Machine vision has become indispensable in today’s highly automated manufacturing environments, which rely on accurate in spec tion to ensure high product quality and high process efficiency. Applications for the technology span industry, and include everything from validation of printed barcodes and text on consumer product labeling, to assembly verification of printed circuit boards, to dimensional measurement of automotive parts. The demand for vision inspection only continues to grow with increasing throughput requirements and stringent quality standards that necessitate full inspection and render manual product inspection unfeasible.

Figure 1. Comparable CCD (left) and CMOS (right) sensors, shown side by side, illustrate the relative simplicity of CMOS design.
The prevalence of machine vision inspection and identification in manufacturing operations has also grown the user base of the technology. What was once exclusively the realm of experienced vision specialists is now being done by users ranging from factory-floor operators and manufacturing engineers to system integrators and OEMs. With application requirements and a broad range of skill levels to accommodate, vision system manufacturers have sought to develop technologies that are both easy to use and implement, yet maintain the flexibility to address expanding requirements. New hardware and software products provide the ability to adapt to changing application demands, enabling easy system modification while at the same time protecting the users’ time and investment.

Cameras have become more modular as new smart cameras pack complete vision systems into miniaturized form factors, with lens and lighting options to address a multitude of system con figura - tions and allow for modification. Recent advances in CMOS sensor technology enable high-resolution, high-speed models that are both cost-effective and easy to use. New software developments, similarly, are scalable to accommodate applications that expand beyond their original scope; users are no longer locked into a single hardware/software technology. The software features portability from one device to another, and its current graphical subsystems produce intuitive user interfaces. In this article, we’ll explore these three technologies — sensors, lenses, and software — providing machine vision tools with a greater flexibility.

Advances in CMOS Sensor Technology

Figure 2. Microscan’s Vision HAWK smart camera uses CMOS sensor technology to achieve high frame rates and high resolution operation.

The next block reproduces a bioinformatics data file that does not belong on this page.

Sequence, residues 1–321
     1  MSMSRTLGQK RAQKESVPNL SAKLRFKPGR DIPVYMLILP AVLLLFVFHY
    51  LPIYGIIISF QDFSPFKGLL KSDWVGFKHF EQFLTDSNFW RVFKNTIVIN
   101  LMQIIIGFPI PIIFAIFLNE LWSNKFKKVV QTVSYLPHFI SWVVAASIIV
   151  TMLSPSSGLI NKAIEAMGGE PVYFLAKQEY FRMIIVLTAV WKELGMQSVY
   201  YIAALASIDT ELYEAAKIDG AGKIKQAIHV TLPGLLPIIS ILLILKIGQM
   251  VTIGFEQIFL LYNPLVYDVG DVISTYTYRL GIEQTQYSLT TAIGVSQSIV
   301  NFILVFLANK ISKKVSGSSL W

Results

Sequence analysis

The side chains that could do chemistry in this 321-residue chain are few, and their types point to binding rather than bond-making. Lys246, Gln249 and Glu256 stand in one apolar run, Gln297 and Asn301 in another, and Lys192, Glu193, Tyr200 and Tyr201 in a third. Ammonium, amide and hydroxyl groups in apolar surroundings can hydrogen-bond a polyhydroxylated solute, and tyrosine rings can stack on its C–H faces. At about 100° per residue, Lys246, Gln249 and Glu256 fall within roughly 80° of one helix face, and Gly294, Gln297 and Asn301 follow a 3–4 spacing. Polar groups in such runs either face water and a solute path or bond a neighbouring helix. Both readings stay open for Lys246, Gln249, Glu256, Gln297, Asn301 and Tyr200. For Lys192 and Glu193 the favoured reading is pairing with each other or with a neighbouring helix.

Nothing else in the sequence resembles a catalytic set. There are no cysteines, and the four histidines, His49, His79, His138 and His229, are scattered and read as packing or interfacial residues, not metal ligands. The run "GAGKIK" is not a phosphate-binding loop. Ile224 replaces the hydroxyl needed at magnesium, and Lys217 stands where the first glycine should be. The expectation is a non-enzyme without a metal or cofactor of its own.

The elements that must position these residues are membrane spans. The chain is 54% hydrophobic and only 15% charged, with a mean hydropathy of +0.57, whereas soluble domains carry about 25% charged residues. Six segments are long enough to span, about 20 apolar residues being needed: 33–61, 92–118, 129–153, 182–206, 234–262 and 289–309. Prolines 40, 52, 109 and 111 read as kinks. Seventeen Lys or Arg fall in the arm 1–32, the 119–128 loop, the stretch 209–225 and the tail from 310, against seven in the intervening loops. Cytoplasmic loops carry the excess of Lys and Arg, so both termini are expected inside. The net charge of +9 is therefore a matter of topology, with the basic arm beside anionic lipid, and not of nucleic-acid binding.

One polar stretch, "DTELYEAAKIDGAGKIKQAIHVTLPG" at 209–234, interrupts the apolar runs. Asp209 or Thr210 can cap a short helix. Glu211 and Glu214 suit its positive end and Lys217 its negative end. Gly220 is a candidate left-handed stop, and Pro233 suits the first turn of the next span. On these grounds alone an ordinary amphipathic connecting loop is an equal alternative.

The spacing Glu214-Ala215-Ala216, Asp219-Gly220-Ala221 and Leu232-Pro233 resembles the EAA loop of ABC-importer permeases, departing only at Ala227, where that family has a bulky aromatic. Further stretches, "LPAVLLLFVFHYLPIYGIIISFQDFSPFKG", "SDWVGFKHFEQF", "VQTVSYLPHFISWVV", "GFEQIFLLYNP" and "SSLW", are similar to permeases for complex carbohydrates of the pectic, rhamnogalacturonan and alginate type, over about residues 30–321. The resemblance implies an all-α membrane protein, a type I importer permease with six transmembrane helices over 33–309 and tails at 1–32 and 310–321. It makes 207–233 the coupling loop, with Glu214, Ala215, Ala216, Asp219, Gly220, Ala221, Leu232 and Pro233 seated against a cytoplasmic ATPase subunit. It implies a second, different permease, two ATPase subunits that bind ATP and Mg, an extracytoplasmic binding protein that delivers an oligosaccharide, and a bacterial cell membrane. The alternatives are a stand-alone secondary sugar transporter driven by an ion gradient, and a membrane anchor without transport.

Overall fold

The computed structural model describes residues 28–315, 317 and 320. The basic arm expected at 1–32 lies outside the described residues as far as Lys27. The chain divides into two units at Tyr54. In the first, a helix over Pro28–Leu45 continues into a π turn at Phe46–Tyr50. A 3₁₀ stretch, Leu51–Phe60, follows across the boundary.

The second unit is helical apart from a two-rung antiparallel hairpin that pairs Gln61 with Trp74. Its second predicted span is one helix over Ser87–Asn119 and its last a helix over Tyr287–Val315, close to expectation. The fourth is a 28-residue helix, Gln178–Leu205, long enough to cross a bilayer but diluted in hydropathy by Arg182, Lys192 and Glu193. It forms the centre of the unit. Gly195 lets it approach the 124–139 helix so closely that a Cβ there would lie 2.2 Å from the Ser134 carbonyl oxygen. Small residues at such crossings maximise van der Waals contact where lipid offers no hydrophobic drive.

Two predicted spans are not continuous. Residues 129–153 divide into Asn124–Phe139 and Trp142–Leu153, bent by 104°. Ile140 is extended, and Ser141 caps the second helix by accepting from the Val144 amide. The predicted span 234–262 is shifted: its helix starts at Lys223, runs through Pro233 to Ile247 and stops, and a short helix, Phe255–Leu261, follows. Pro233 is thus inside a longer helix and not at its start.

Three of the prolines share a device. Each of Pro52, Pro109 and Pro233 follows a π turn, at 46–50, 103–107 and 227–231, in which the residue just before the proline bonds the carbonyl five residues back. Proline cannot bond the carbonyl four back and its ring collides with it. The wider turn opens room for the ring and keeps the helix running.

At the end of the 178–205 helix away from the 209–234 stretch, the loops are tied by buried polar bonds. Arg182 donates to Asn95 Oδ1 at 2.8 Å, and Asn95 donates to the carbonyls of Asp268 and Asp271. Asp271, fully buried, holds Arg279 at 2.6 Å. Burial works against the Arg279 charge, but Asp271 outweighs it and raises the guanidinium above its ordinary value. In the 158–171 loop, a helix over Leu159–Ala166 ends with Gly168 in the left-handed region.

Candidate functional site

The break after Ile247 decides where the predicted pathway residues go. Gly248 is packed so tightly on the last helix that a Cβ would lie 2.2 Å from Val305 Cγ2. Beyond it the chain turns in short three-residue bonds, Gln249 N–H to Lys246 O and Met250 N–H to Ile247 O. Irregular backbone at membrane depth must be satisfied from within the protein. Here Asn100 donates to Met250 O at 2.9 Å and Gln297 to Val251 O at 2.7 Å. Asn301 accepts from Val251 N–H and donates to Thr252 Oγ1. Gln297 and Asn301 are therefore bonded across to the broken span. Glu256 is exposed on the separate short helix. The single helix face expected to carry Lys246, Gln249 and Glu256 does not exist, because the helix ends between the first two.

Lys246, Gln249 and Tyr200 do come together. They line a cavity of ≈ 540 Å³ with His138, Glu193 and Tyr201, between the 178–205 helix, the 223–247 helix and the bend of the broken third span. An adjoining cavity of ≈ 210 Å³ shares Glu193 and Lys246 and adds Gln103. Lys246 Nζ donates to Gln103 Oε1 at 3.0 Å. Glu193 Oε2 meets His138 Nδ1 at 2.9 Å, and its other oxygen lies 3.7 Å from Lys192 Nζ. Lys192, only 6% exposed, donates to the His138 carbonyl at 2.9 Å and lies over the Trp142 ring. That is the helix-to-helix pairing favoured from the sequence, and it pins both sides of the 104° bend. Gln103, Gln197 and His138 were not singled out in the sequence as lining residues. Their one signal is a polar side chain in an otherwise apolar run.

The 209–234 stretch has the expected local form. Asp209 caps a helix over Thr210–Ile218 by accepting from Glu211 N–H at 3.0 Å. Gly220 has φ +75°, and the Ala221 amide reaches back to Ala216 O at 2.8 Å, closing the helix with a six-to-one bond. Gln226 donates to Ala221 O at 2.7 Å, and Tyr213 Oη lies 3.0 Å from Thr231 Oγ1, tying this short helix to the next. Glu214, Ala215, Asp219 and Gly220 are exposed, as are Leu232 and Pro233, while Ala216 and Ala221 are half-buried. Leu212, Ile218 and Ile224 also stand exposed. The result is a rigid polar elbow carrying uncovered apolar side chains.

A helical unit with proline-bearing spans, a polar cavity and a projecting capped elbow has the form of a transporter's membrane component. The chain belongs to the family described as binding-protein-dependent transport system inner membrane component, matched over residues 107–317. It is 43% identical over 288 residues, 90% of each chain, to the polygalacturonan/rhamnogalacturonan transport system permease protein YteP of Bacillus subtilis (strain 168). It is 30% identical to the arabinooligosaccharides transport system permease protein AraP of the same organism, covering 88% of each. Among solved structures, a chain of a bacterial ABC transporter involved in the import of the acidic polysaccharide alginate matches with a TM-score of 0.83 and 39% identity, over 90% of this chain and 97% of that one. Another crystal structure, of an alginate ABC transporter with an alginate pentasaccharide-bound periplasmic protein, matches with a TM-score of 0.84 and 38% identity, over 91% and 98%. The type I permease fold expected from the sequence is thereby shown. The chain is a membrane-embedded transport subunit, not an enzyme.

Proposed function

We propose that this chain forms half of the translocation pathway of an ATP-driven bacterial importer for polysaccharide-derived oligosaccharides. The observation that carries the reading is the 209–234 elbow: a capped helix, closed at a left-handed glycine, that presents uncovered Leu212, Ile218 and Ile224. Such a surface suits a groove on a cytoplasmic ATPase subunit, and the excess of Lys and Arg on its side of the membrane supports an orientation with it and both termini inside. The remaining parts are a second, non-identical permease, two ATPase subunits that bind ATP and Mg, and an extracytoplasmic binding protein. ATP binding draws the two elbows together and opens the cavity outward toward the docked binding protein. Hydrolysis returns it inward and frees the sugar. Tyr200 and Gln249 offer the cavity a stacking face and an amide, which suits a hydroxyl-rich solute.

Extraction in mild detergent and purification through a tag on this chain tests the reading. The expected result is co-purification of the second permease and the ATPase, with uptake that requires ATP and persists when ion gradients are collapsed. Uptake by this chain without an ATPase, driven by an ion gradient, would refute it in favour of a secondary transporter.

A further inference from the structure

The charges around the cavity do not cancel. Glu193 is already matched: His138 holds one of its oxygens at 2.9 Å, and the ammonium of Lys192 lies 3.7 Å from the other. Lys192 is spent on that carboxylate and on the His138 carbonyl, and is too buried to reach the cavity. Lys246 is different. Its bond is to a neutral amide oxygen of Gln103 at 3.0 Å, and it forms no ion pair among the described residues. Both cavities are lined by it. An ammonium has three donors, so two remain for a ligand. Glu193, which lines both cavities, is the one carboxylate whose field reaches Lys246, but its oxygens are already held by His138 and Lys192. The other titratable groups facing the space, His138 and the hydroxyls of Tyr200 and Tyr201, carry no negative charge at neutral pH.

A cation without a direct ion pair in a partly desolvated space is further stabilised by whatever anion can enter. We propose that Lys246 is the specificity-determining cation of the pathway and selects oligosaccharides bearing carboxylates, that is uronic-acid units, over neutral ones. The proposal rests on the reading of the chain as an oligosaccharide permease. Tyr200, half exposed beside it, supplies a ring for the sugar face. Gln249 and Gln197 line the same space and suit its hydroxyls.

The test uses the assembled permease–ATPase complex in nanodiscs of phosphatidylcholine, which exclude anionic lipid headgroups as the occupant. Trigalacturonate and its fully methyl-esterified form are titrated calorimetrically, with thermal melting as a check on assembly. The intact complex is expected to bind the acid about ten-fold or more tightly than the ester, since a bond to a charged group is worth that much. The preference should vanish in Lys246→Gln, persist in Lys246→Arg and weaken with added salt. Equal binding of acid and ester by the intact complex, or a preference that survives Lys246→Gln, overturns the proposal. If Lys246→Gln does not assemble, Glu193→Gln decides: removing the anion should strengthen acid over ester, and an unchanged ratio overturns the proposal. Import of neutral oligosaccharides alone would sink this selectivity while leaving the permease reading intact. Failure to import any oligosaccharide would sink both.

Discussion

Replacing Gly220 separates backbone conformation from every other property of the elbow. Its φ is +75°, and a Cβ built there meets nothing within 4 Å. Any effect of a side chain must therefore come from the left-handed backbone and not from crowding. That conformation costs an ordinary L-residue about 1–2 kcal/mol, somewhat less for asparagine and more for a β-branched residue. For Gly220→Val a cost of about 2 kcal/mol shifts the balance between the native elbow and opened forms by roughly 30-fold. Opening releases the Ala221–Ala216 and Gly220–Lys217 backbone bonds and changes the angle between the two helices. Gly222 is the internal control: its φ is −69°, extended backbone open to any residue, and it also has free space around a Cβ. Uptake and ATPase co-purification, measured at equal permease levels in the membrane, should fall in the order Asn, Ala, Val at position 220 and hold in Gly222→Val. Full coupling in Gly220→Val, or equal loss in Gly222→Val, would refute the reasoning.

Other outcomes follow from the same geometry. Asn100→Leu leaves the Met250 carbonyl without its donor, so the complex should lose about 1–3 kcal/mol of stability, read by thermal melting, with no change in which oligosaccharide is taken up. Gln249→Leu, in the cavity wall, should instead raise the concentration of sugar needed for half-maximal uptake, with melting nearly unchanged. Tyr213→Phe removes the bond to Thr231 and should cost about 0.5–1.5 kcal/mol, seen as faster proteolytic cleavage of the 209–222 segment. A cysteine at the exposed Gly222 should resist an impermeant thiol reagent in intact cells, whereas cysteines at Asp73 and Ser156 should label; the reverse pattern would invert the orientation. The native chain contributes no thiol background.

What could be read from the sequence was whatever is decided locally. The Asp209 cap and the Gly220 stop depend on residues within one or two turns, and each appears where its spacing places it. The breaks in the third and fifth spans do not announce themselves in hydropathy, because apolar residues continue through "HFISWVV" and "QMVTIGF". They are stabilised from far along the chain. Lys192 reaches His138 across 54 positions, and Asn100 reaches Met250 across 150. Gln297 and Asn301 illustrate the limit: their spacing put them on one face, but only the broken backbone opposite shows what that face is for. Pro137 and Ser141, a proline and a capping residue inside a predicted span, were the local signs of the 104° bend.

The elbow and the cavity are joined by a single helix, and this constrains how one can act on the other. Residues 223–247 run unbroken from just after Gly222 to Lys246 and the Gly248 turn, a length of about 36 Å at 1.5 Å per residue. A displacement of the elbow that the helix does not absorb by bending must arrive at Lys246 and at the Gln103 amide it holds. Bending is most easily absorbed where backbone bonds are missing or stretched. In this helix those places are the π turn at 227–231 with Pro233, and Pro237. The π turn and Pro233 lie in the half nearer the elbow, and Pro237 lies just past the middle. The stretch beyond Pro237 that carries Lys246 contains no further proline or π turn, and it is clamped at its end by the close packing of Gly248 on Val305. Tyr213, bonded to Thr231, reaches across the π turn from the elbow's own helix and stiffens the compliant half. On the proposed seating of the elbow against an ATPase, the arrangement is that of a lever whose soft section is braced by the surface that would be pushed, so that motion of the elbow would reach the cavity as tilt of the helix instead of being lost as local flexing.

Current CMOS sensor technology has made smart camera systems a viable option for more users than ever. Traditionally more expensive, more complex, and physically larger than CMOS technology, CCD sensors were, until recent years, required to address applications requirements for motion, high resolution, and image quality. Advancements in CMOS sensors have bridged the gap in image quality. Now available in both high resolution and with a global shutter, CMOS technology enables smart cameras with freeze motion performance at resolutions of 1MB+. While CCD sensors still hold a place in certain applications, such as precision measurement where image quality is critical and very high resolution is required, the benefits of CMOS technology have made it an attractive replacement to CCD devices in many applications.

CMOS sensors feature a simple design and high-speed data transfer, thanks to their ability to quickly get rid of pixels. CCD technology is physically limited on how fast the images can exit the sensor. CMOS is very low powered and therefore builds up less heat; smaller designs are possible because the boards are less complex and require fewer components (see Figure 1). In addition, CMOS technology has the ability to take sections or windows of an image in order to further increase frame rates. Microscan’s 2MP Vision HAWK smart camera, for example, incorporates a high-resolution CMOS sensor to achieve frame rates of up to 300 frames/sec (see Figure 2).

Configurable Lens and Lighting Options

A variety of lens and lighting options are available for use with today’s modular smart cameras. Microscan’s Vision HAWK model uses interchangeable Cmount lenses and external lighting. Other new smart camera designs feature a fully integrated lens and lighting for equipment integration. Some offer the ability to “mix and match” accessory options, allowing system designs tailored to specific application needs.

Figure 3. Modular smart camera designs enable system designs tailored to specific application needs. The smart camera shown here includes integrated liquid lens and lighting, with additional lighting supplied by a mountable ring light.
Fully integrated liquid lens technology is valuable for production lines where the camera is out of reach, or other cases where manual adjustments to the lens are impractical or undesirable. A liquid lens is made of two liquids. A supplied voltage alters the curvature of the liquid, resulting in a lens with a focus position that can be controlled without moving parts. Different field angle options with liquid lens configurations offer multiple field-of-view options (see Figure 3).

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